The purpose of today’s lesson is to engage the students in the unit problem without telling them what it’s all about. For today’s warm up, I just want to get students thinking about projectile-motion problems. I show them the Punkin' Chuckin' Question on the board and ask students to vote on which graph they think best matches the pumpkin situation.
After they vote, I ask students to explain why they chose the graph they did. Students typically have a lot to say about this problem, so I expect discussion to be quite lively. I sometimes write down student questions that come up that they will not get an answer to right now. Some of those will likely be related to physics and this is a good opportunity for cross-curricular work. I let students know that I will come back to these questions and eventually let them know the correct answer.
Students will now work on groups on the main task for today. The task I like to use for this lesson is from the IMP Quadratics unit. It is called Victory Celebration and is on page 280 of the Year 2 IMP curriculum. Any projectile motion type problem where students are looking for the vertex and one x-intercept will work. A similar, if somewhat simplified problem, Penny Falling, is included in the resources for this section.
In their groups, students will sketch the problem on poster board, write the questions they are looking to answer clearly, and try their hand at solving them. If there is time, they can present their work to the class.
Issues that I will be watching for:
What do you know?
What do you need to find out?
DIFFERENTIATION: Students may need help pulling out the key information. I will recommend to students that they use a highlighter to notate the key data and questions.
It is unlikely that students will finish answering the questions in the task. If they do,I will ask them to graph the height function, if they haven’t done so already.
If I had a longer block of time for this lesson (90 minutes rather than 60 minutes), I would include a discussion with the whole class about their posters. I usually don't have time, so I do it at the start of the next class.
I begin the summary discussion by having a couple of the groups show their posters. I ask them to present where they made a sketch of the fireworks situation.
I have students share out the questions the city needs answered. They should have written questions like:
Next, I have students share their thinking about how they started to answer some of these questions. Initially, we focus on how long it will take the rocket to reach its maximum height and what that height would be. I might write a table on the board with different values for t and have students come up and fill in what they found for h(t). I will watch for students who only want to work with whole numbers. When a student is restricting the domain in this way, I ask, "How can you be sure that the maximum height of the rocket would occur after exactly 3 seconds. How high would the rocket be if it had traveled 2.5 seconds? What about 3.2 seconds?" Then, I let him/her take the initiative on other values they would like to explore.
After several students present, I plan to have my students graph the function on a graphing calculator and discuss how the calculatorgraph confirms or changes their idea about the maximum height. Then, I will ask students, "What does the landing time for the rocket mean in terms of the graph?" I expect that my students will likely try to guess and check until h(t) comes out close to zero. I often help them to make the connection here by asking, "What equation could you set up whose solution would tell you when the rocket hit the ground?"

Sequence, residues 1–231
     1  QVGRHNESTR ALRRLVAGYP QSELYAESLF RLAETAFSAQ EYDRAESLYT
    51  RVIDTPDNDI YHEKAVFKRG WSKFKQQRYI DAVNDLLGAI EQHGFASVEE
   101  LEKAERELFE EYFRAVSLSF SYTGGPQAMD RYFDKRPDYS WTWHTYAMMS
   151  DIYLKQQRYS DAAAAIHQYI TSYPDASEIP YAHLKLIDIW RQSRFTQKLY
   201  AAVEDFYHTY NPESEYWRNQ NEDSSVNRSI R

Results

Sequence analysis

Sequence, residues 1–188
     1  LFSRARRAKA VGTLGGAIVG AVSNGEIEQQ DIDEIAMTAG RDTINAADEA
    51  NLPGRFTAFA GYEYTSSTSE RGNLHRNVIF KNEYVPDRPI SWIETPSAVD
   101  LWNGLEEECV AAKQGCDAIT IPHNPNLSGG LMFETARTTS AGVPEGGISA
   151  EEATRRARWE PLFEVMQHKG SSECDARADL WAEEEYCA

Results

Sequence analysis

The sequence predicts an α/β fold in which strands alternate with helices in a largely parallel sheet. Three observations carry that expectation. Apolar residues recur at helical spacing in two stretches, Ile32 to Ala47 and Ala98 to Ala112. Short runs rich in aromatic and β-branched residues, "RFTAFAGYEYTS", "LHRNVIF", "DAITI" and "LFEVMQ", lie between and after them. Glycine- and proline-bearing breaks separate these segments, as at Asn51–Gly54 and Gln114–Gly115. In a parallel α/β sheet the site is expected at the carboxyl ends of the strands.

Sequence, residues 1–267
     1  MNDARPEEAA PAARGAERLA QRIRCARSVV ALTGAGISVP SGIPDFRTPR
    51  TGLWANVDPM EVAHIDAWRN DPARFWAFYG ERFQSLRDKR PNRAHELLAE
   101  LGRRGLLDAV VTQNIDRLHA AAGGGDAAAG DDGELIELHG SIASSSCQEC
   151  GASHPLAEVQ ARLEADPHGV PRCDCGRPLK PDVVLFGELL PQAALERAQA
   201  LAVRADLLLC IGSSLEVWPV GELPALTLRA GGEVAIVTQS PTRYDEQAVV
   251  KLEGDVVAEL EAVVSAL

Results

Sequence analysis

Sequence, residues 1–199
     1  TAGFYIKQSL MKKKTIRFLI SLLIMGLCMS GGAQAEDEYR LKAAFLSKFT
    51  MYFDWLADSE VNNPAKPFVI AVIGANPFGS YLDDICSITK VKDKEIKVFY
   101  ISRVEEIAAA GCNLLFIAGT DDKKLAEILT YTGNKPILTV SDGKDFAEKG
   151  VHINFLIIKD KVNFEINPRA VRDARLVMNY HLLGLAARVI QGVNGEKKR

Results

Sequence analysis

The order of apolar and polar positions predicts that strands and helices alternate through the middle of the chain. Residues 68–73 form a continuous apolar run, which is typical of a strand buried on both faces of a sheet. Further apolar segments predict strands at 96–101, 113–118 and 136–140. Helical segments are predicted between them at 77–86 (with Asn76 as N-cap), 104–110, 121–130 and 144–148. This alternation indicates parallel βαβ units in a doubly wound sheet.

If students are graphing the solution, some may wonder if there is a “short cut” that will help them answer these questions without guessing and checking. You can let them know that in this unit they will be learning algebraic ideas that will help them to understand this problem and work more efficiently.
Because students have processed a lot of ideas at this point in the lesson, I may want to allow some reflection time here, rather than at the end of class. If I make this choice, I will have students do a free write about the Fireworks Problem (Victory Celebration, page 280 of the Year 2 IMP curriculum) where they answer the following prompts: How did you solve this problem? What strategy did you use?
In a real sense, students have just started to explore this problem more deeply. I’ll want to allow them a chance to share out their thinking and the work they have done thus far in groups at the end of class. I will offer them the following questions to guide their peer discussions:
Next, I will clarify my expectations for homework. I expect students haven’t had enough time to tinker around with the questions and work toward answering them in class today. I anticipate assigning Question 3 to be completed for homework in preparation for a class discussion tomorrow.
Before closing the lesson, I will let students know we will be discussing their posters and some answers they may have come up with to the questions tomorrow. I will reiterate to the class that in order to participate fully in the beginning of tomorrow's, they will need to complete their homework.
This material is adapted from the IMP Teacher’s Guide, © 2010 Interactive Mathematics Program. Some rights reserved.